Profile: Stephanie Fong

Published on 7 June 2016

FOST Gallery owner Stephanie Fong operates with instinct and experience.


“It’s very primal. I feel like I’ve been kicked in the gut when I see something good,” says Stephanie Fong, businesswoman and art connoisseur behind FOST Gallery. Fong is conveying how she decides which artists to represent, and in doing so, reveals a keen instinct that has helped her develop the 10-year-old FOST into one of Asia’s top galleries.

First joining the workforce as a lawyer, Fong quit the legal profession after qualifying for the Bar and worked in an international brand consultancy. She then attained her Master’s in Fine Art at Sotheby’s Institute, London, before returning to Singapore to launch into the art scene. “On hindsight, even though it seems I meandered into the art world, my past experience was instrumental in helping me manage the gallery.”

Derived from the first two letters of Fong’s first and last names, FOST is now synonymous with progressive contemporary art in Singapore. The gallery exhibits works by artists from around the world, with a special focus on artists based in Singapore. The gallery’s stable of homegrown talents include Song-Ming Ang, Heman Chong, John Clang, Jimmy Ong and Wyn-Lyn Tan. Others under its wing include Adeel uz Zafar (Pakistan), Rodney Smith (USA) and Phi Phi Oanh (Vietnam).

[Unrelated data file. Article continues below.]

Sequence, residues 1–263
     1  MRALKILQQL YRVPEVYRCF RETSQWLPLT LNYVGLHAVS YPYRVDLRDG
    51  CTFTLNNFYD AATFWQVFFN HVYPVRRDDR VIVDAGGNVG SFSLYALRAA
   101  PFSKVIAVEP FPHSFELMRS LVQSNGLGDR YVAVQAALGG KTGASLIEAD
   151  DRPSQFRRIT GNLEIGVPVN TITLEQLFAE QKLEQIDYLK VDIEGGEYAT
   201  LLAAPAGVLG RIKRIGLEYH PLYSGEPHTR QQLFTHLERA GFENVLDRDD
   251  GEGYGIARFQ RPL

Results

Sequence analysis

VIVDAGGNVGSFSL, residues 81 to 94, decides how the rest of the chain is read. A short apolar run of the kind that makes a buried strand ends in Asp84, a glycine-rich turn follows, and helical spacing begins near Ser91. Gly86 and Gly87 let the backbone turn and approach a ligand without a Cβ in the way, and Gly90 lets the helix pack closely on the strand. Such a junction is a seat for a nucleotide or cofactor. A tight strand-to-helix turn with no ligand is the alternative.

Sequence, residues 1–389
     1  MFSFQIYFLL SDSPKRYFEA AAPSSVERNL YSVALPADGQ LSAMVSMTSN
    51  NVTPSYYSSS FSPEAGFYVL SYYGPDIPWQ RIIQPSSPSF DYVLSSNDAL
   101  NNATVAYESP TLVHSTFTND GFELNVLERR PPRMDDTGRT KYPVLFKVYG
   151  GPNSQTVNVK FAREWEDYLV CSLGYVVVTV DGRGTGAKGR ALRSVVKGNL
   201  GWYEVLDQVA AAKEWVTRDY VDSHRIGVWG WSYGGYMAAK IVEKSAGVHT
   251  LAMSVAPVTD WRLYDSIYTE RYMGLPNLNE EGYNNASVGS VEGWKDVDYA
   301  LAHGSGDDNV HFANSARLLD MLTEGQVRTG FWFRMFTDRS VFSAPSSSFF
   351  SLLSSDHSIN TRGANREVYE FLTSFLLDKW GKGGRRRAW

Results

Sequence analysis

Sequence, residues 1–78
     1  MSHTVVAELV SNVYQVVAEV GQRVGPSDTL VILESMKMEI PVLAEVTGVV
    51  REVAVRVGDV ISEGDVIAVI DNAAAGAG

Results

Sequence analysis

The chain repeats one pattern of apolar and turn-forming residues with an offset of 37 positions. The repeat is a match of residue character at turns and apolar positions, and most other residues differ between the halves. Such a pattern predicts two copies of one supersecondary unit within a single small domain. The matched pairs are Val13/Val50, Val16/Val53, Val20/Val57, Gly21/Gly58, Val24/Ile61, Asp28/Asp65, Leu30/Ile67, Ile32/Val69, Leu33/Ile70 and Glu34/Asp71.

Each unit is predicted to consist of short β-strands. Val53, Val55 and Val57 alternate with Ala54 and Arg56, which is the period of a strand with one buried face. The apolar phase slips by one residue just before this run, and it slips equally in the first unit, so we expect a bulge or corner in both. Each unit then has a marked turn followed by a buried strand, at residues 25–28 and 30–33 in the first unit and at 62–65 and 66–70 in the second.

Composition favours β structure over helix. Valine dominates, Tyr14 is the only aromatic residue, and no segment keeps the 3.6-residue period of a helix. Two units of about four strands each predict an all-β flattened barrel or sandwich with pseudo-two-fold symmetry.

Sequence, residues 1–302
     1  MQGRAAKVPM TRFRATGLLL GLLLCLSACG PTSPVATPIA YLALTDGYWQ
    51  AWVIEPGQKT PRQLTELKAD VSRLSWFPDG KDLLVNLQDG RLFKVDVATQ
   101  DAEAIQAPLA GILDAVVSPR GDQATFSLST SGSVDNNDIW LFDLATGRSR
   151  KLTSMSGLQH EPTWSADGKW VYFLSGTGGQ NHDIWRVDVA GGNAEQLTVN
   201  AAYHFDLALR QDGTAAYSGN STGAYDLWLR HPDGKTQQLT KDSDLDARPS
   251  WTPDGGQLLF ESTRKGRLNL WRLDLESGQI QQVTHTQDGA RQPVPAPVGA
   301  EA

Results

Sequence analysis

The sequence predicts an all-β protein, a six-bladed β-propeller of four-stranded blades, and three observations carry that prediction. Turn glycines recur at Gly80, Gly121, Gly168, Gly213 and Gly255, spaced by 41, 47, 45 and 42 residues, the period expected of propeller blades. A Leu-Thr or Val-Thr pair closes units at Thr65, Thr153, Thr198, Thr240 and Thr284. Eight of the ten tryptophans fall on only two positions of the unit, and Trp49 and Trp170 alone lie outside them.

From FOST’s first site in a historic shophouse on Kim Yam Road to its current home at visual arts hub Gillman Barracks, Fong has worked hard to overcome the challenges she faced in the early years as a young gallery owner. “The biggest challenges were building credibility for the gallery and staying true to my vision,” she recalls. “But being able to make a business out of my passion is what I love best about it.”

Running a gallery today is not easy. In just a few decades, more museums and galleries have sprung up, churning out regular exhibition programmes and a line-up of art fairs. “I remember growing up, we only had one museum for everything, from natural history to art,” Fong says. “Now, in a rather short time, the art calendar has become quite busy.” She also notes that the market has gotten competitive.

As a sole gallery owner, Fong relies on instinct and experience. At the same time, she acknowledges that the gallery’s success was not a lone effort. “Any gallery is only as good as its artists, so kudos to the artists whom I have the privilege to work with. I also had amazing people who worked in the gallery over the years, and I am very thankful for their contribution at each step of the way.”

For more on FOST Gallery, visit

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